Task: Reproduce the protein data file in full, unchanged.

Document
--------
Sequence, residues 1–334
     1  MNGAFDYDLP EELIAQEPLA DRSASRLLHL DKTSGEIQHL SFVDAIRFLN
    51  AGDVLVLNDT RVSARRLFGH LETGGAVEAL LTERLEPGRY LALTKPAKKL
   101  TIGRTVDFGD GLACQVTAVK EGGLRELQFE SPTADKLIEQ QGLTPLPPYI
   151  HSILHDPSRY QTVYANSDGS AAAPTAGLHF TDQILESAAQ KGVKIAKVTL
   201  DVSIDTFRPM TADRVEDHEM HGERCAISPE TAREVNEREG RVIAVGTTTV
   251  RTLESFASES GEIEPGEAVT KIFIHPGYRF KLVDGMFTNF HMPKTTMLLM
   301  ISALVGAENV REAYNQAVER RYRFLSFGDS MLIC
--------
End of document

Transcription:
Sequence, residues 1–334
     1  MNGAFDYDLP EELIAQEPLA DRSASRLLHL DKTSGEIQHL SFVDAIRFLN
    51  AGDVLVLNDT RVSARRLFGH LETGGAVEAL LTERLEPGRY LALTKPAKKL
   101  TIGRTVDFGD GLACQVTAVK EGGLRELQFE SPTADKLIEQ QGLTPLPPYI
   151  HSILHDPSRY QTVYANSDGS AAAPTAGLHF TDQILESAAQ KGVKIAKVTL
   201  DVSIDTFRPM TADRVEDHEM HGERCAISPE TAREVNEREG RVIAVGTTTV
   251  RTLESFASES GEIEPGEAVT KIFIHPGYRF KLVDGMFTNF HMPKTTMLLM
   301  ISALVGAENV REAYNQAVER RYRFLSFGDS MLIC